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There is no doubt that the textile (and fashion) industry is important for the economy; however, taking into account the concept of sustainability, this industry many times—actually most times—operates to the detriment of environmental and social factors. John R. Ehrenfeld defines sustainability as “the possibility that humans and other life will flourish on the earth forever” (Ehrenfeld and Hoffman 2013, p. 7). This notion of sustainability is not only a concern for people and the environment, but also for animals. Besides environmental and social issues, more than 50 million animals suffer cruel death each year to benefit the fashion industry (Born Free USA 2014). The purpose of this chapter is to make a contribution to the animal care agenda in the textile and fashion industry by presenting the United Nations Global Compact Code of Conduct for the Textile and Fashion Industry and Ovis 21 case—a company from the Argentine Patagonia, that is a B Corp and Savory Institute Hub company, but a company in which People for the Ethical Treatment of Animals (PETA) discovered cruelty to animals in one of their establishments. This also puts forward the reactions of two of its most important clients, the media and consumers. This chapter closes with an analysis and some conclusions about the topic and Ovis 21 case.
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According to Moderez and De Landtsheer ( 2015), the Chinese fur is often intentionally mislabeled, so when the customers buy fur, they are unable to trace where it comes from.
Here, the UNGC Code of Conduct suggests considering the 'Danish Institute for Human Rights´ to use Human Rights and Business country risk analysis.
Reproduction of Principle 11 contents NICE Code of Conduct and Manual for the Fashion and Textile Industry at the Nordic Fashion Association; Nordic Initiative Clean and Ethical—NICE—and Global Compact ( 2012, p. 69).
The contents of Principle 11, the NICE Code of Conduct Principles—Nordic Fashion Association and Nordic Initiative Clean and Ethical—NICE—and Global Compact ( 2012, p. 99) are reproduced.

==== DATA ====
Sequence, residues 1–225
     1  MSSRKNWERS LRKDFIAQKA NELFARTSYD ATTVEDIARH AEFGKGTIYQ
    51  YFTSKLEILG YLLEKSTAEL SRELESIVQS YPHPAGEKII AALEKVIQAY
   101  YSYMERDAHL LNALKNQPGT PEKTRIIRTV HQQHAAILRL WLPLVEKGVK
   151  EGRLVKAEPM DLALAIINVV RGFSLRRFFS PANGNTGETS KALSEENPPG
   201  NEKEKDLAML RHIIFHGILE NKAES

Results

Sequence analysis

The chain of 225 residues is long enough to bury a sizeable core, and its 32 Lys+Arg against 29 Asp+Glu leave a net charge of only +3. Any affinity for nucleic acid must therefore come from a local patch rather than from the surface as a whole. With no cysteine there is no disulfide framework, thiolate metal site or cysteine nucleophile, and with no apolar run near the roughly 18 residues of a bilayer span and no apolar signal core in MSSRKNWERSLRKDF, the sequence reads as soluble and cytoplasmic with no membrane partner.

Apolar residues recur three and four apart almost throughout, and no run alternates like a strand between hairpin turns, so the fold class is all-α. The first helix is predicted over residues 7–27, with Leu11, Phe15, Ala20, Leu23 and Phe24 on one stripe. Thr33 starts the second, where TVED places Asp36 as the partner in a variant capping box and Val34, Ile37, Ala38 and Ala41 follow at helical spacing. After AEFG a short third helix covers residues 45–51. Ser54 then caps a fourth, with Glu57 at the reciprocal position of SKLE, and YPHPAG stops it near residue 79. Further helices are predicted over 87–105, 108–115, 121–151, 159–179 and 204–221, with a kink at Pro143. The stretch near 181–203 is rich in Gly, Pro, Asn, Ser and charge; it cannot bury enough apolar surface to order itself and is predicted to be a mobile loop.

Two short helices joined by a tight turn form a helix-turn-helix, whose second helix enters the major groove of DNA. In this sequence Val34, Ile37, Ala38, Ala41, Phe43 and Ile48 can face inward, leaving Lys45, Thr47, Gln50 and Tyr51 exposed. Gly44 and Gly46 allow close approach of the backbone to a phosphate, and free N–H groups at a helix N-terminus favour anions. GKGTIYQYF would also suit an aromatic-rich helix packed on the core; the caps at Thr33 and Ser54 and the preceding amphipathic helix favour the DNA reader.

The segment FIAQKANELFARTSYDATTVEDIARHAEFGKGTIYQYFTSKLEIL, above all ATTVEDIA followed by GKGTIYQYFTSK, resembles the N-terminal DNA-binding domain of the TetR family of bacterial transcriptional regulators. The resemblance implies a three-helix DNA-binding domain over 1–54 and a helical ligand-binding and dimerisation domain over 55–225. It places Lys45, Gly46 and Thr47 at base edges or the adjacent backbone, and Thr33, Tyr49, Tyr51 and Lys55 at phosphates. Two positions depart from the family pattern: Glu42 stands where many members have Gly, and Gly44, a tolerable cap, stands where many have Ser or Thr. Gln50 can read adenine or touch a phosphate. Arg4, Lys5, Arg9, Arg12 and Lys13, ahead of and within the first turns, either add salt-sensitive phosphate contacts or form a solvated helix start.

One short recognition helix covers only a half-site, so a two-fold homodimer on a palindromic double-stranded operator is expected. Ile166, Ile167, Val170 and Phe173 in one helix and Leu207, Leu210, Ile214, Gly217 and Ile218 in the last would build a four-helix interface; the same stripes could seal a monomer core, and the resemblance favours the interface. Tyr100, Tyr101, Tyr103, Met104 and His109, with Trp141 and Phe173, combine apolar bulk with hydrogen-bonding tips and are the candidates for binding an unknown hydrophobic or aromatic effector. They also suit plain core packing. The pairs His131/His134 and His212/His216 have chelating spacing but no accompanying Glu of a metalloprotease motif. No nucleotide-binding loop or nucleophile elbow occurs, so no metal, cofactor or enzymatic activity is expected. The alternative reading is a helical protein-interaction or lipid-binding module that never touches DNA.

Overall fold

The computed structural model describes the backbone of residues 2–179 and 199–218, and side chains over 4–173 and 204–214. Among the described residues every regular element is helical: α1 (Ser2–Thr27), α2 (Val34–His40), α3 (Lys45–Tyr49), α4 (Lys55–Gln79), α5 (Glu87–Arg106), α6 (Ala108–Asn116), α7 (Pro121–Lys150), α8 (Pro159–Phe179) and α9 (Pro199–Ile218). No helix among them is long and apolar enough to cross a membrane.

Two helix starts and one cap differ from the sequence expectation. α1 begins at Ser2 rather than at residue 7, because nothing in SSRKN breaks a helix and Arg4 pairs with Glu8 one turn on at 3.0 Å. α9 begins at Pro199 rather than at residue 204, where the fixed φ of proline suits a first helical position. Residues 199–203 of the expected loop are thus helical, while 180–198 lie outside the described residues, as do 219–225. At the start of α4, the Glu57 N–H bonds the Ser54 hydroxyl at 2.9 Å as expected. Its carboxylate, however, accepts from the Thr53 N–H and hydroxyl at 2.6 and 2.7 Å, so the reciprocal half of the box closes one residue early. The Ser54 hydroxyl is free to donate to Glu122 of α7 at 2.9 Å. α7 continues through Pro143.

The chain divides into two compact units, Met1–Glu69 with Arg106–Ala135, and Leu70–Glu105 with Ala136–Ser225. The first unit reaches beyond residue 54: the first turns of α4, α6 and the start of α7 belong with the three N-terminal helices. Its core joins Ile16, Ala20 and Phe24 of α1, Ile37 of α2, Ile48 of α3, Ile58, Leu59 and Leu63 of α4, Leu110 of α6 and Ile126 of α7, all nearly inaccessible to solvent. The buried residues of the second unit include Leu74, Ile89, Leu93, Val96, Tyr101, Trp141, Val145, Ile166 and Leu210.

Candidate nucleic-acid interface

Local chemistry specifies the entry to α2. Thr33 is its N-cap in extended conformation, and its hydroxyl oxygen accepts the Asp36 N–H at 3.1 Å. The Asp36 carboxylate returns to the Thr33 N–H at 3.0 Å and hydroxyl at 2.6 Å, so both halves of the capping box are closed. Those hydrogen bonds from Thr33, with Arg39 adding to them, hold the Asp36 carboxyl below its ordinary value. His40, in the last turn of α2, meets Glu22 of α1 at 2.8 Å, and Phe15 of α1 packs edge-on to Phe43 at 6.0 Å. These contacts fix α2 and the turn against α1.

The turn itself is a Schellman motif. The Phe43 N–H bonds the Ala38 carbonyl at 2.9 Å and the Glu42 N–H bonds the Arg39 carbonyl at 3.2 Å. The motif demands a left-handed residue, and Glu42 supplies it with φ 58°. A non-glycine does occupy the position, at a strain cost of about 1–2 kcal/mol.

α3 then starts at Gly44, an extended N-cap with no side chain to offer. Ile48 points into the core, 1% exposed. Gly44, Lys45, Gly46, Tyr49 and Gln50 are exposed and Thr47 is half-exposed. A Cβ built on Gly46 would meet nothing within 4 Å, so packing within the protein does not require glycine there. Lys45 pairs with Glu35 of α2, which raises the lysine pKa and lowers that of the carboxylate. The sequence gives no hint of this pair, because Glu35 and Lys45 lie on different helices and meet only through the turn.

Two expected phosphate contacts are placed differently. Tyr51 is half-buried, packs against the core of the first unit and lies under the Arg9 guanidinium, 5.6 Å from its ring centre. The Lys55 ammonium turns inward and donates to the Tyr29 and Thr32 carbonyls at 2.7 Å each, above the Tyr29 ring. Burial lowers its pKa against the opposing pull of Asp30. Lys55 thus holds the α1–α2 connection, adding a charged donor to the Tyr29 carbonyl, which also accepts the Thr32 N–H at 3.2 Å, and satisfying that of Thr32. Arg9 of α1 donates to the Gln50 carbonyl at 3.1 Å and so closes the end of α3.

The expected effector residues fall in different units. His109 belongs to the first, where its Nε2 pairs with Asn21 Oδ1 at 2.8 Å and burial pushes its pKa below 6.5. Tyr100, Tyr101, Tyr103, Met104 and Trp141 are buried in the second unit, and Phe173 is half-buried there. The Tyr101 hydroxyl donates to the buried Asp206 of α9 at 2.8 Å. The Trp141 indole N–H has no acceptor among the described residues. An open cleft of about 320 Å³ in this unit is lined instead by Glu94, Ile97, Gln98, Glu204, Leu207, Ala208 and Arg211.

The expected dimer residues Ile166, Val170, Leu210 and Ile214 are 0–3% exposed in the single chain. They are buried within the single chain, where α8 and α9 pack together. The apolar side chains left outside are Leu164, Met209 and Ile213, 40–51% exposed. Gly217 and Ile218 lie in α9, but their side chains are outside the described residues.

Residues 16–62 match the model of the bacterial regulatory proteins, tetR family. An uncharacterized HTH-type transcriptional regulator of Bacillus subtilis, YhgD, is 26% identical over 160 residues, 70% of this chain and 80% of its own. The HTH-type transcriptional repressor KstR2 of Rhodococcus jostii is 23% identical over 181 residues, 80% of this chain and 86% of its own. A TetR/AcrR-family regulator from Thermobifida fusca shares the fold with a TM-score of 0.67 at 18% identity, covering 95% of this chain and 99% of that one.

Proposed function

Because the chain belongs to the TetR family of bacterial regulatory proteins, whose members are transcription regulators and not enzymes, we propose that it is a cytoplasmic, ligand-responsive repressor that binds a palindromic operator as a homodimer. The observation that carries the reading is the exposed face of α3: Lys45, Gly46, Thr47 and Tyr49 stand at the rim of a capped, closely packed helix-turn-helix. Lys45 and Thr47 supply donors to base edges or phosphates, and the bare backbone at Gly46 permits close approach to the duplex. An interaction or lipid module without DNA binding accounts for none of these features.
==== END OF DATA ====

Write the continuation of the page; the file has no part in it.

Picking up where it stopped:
Based on Ovis 21 www.ovis21.com Accessed: 1 Mar 2016.
People for the Ethical Treatment of Animals—PETA Source: PETA’s Web site www.peta.org Accessed 1 Mar 2016.
Exchange of e-mails with Ms. Hannah Schein, associate director of Cruelty Investigations| People for the Ethical Treatment of Animals (PETA). The author has a letter presented by PETA.
According to Paulins and Hillery ( 2009) before 2009, they had a dispute with the Australian wool industry for the practice of “mulesing” including boycotts against Abercrombie & Fitch, J. Crew and Benetton. To promote this campaign, PETA also recruited celebrities, such as singer Pink and Australian actress Toni Colette.
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e-mail sent from email@example.com November 11, 2015. e-mails were always signed “by the institution” under the name The Savory Institute Team.
e-mail from Christina Foorwod—Senior Associate, Standards—November 17, 2015.
e-mail from Christina Foorwod dated October 19, 2015.
An example of this, in another field, is the Biotech Advisory Board set up by DuPont in order to consciously search for divergent views in the periphery that could help define a more robust strategy for the development of biotechnology. The company has striven to include various stakeholders from India, Africa and Latin America in its discussions. It has also invited environmental advocates, such as the former president of Greenpeace International to offer divergent views on the matter. The exposure of high-ranked managers and business leaders to radically opposite views has prompted changes and significant improvements in the company’s approach and strategy for selling biotechnology. New ideas for future business models have emerged in line with the company’s efforts to leave behind products based on petrochemical material and favor biologic-based businesses (Hart and Sharma 2004).
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- Sustainability in the Textile and Fashion Industries: Animal Ethics and Welfare
Miguel Ángel Gardetti
- Springer Singapore
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